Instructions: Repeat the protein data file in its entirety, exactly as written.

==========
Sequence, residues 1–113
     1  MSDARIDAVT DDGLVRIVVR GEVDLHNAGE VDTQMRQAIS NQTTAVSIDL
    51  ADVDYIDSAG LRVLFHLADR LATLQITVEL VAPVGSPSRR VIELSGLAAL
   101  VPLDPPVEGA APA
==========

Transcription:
Sequence, residues 1–113
     1  MSDARIDAVT DDGLVRIVVR GEVDLHNAGE VDTQMRQAIS NQTTAVSIDL
    51  ADVDYIDSAG LRVLFHLADR LATLQITVEL VAPVGSPSRR VIELSGLAAL
   101  VPLDPPVEGA APA